Navigation Links
Genetic disorder sheds light on enzyme's role in bone metabolism
Date:11/4/2008

Pycnodysostosis, a condition from which the painter Henri de Toulouse-Lautrec suffered, is a genetic disease characterized by short stature. This rare disease, surprisingly, provides a window into how joints are destroyed by arthritis. It is caused by deficiency of an enzyme known as cathepsin K which hampers osteoclasts (the cells that break down bone in bone modeling and repair), leading to poor bone resorption and dense, brittle bones.

Cathepsin K's role in bone metabolism has largely been studied using mouse models, but a new study examines the enzyme's role in bone resorption in a human patient and shows that it is not required to break down bone. The study was published in the November issue of Arthritis & Rheumatism (http://www3.interscience.wiley.com/journal/76509746/home).

Led by Professor Yrj T. Konttinen of Helsinki University Central Hospital in Helskinki, Finland , the study involved a 55-year-old female patient with pycnodysostosis who also developed psoriatic arthritis. Since the patient lacked cathepsin K due to her condition, researchers hypothesized that this would protect her from the bone erosions in the hands and feet normally seen in psoriatic arthritis. However, she did in fact develop extensive erosions and destructive bone changes in her hands. Blood analysis was conducted to examine the proteinases (enzymes that break down proteins) responsible for bone degradation as well as the cellular mechanisms of bone resorption.

The analyses showed that the osteoclasts formed by the patient lacked cathepsin K, which was expected. Surprisingly, however, this deficiency did not prevent cells from resorbing bone, although the resorption was abnormal. In bone resorption, osteoclasts attach to the bone and dissolve bone mineral in the matrix, a process that appears to proceed normally even in pycnodysostosis. In a second step, known as collagenolysis, peptide bonds in the collagen of the demineralized bone matrix are broken down. The authors expected that this step would be defective in the cells of a patient who lacked cathepsin K, but instead found that it was not, since the patient's osteoclasts showed evidence of bone resorption.

"The results of our study indicate that, against the dogma, cathepsin K is not necessary for osteoclast-mediated bone resorption," the authors state. "The present results and some very recent findings suggest that even total inhibition of cathepsin K does not protect against pathologic bone destruction in arthritis." This indicates that other proteinases may play a role in bone collagen destruction when cathepsin K is not present. The authors conclude: "These findings may be pertinent to our understanding of the functions of cathepsin K inhibitors, which are currently being developed as drugs to treat metabolic bone diseases.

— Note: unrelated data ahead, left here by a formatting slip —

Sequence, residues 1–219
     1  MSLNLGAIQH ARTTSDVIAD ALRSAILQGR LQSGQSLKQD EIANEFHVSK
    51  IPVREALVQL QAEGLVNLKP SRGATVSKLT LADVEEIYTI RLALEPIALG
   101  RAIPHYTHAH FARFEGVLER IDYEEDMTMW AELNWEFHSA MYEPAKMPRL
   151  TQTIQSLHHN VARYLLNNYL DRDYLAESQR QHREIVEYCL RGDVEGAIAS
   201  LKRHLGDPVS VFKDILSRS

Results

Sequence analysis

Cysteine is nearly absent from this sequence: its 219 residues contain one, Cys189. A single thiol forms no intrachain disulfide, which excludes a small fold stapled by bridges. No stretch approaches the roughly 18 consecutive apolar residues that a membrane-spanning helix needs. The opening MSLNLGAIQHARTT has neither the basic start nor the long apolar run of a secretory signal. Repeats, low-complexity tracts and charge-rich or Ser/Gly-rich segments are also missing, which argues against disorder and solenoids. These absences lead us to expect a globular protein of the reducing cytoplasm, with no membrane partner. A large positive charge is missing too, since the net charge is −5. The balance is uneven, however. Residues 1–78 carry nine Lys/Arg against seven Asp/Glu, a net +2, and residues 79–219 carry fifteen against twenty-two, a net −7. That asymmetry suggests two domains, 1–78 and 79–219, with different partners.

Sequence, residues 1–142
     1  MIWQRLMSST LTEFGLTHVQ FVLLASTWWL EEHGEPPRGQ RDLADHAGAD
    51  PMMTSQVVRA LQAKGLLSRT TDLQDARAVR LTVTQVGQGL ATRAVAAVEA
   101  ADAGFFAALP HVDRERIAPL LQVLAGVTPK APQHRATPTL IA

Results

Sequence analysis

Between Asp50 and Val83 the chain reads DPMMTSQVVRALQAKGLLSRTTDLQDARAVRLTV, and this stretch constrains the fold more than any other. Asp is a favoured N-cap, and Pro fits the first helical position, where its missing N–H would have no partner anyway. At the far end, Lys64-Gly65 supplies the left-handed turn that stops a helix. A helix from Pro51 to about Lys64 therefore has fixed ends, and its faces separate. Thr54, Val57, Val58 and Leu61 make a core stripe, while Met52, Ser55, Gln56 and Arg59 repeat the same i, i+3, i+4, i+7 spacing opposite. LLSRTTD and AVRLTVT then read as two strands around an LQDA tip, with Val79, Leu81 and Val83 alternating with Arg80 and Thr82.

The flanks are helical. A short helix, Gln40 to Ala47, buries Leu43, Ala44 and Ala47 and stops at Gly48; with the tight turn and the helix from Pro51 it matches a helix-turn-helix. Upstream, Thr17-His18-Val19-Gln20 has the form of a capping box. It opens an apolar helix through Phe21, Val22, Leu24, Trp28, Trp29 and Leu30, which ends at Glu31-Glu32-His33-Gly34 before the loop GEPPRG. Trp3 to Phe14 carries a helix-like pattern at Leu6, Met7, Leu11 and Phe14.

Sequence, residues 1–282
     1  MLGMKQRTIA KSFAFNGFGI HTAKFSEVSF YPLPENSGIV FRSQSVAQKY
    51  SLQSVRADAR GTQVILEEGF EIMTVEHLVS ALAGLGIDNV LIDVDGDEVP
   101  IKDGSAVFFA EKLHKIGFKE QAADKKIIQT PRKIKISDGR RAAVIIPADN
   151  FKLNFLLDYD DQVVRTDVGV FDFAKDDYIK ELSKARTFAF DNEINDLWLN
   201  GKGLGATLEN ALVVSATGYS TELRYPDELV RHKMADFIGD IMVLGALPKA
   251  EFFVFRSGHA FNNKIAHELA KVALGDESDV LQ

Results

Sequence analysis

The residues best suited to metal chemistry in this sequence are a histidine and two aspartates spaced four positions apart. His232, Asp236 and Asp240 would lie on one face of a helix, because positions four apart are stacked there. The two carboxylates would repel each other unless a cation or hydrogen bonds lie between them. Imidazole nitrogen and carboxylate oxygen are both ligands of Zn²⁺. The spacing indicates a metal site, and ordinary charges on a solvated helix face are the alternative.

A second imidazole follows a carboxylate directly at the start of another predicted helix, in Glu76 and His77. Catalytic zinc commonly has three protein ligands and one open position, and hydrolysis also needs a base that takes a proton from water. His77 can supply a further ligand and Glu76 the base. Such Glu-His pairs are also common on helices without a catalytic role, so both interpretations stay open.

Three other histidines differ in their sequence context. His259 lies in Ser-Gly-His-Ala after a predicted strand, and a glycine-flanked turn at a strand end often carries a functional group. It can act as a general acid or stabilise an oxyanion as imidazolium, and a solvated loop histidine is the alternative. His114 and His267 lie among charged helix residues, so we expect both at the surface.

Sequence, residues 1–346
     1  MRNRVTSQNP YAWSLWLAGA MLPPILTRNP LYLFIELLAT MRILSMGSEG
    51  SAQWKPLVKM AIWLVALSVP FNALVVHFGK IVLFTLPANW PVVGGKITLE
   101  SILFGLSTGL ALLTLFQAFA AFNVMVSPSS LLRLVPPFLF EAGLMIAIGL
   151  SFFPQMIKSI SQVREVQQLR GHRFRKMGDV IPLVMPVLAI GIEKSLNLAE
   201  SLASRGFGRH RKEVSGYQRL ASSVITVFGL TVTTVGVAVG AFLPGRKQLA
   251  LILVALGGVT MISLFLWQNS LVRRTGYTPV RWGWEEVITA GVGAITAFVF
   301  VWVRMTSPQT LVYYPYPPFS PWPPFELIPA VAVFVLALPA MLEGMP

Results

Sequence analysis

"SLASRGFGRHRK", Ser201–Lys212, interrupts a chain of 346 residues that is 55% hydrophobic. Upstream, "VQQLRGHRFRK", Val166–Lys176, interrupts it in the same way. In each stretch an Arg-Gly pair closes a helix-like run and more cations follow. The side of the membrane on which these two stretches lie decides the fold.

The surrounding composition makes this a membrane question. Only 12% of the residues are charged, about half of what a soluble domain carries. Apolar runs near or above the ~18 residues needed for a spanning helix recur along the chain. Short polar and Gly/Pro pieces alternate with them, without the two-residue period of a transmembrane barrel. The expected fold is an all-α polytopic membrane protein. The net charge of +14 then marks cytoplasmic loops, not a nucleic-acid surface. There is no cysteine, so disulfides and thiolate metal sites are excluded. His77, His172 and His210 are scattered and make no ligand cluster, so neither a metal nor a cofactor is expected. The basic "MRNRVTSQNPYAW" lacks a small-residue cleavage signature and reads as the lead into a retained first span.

'/>"/>

Contact: Sean Wagner
swagner@wiley.com
781-388-8550
Wiley-Blackwell
Source:Eurekalert

Related medicine news :

1. Penn scientists map molecular regulation of fat-cell genetics
2. Tackling a hard-to-treat childhood cancer by targeting epigenetic changes
3. Tackling Hard-to-treat Childhood Cancer by Targeting Epigenetic Changes
4. Interleukin Genetics to Present at Rodman & Renshaw 10th Annual Healthcare Conference
5. First evidence that prenatal exposure to famine may lead to persistent epigenetic changes
6. If the diabetes has a direct carcinogenetic effect?
7. Genetic Approach Boosts Yeast Infection Treatment
8. Breakthrough Baldness Genetic Test
9. New Genetic Links to Baldness Discovered
10. Genetic Research Offers Insights Into Form of Malaria
11. deCODE Launches deCODE BreastCancer(TM), a Genetic Test to Screen for Risk of the Common Forms of Breast Cancer
Post Your Comments:
*Name:
*Comment:
*Email:
(Date:5/26/2016)... (PRWEB) , ... May 26, 2016 , ... According to ... In an industry filled with chemical-laden beauty products, one company is going against the ... for you: Mad Hippie. The rising star in the green space is proud to ...
(Date:5/26/2016)... Lake MN (PRWEB) , ... May 26, 2016 , ... ... Stance Angle chair , furniture that may support women during pregnancy. Potential benefits ... legs and feet, improved rest and comfort and healthier levels of sitting and standing. ...
(Date:5/25/2016)... (PRWEB) , ... May 26, 2016 , ... The United ... treatment of androgenetic alopecia in both men and women. To date, the company is ... with FDA clearance for any adult who suffers with androgenetic alopecia. , “This ...
(Date:5/25/2016)... ... May 25, 2016 , ... “We ... Managing Partner at HealthScape Advisors. “Brad brings significant experience advising healthcare provider clients ... system accelerates with the implementation of MACRA, we believe that continuing to add ...
(Date:5/25/2016)... Kansas City, MO (PRWEB) , ... May 25, 2016 , ... ... professional, collegiate, and amateur athletics, The National Center for Drug Free Sport (Drug Free ... Drug Free Sport”. This conference, to be held July 12 – 13 in Kansas ...
Breaking Medicine News(10 mins):
(Date:5/25/2016)... , Germany and ... QIAGEN N.V. (NASDAQ: QGEN ; Frankfurt Prime ... a licensing and co-development agreement with Therawis Diagnostics GmbH to ... will be to develop and market PITX2 as a marker ... other high-risk breast cancer patients. "We are pleased ...
(Date:5/25/2016)... 2016 According to market research ... and Demand Forecast to 2022 - Industry Insights by ... published by P&S Market Research, the global insulin delivery ... and it is expected to grow at a CAGR ... pump segment is expected to witness the fastest growth ...
(Date:5/25/2016)... Texas , May 25, 2016 ... the issuance to it by the US Patent ... The company,s technology includes proprietary processes for electronic ... for health and wellness programs, HIPAA compliance and ... "Our technology ...
Breaking Medicine Technology: